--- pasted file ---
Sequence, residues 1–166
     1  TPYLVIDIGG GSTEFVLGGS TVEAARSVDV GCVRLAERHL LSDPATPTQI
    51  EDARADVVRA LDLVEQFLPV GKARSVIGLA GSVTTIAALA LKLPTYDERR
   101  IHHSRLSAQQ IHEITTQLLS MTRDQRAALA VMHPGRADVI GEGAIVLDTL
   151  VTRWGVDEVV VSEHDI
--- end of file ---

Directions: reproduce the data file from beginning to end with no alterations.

Sequence, residues 1–166
     1  TPYLVIDIGG GSTEFVLGGS TVEAARSVDV GCVRLAERHL LSDPATPTQI
    51  EDARADVVRA LDLVEQFLPV GKARSVIGLA GSVTTIAALA LKLPTYDERR
   101  IHHSRLSAQQ IHEITTQLLS MTRDQRAALA VMHPGRADVI GEGAIVLDTL
   151  VTRWGVDEVV VSEHDI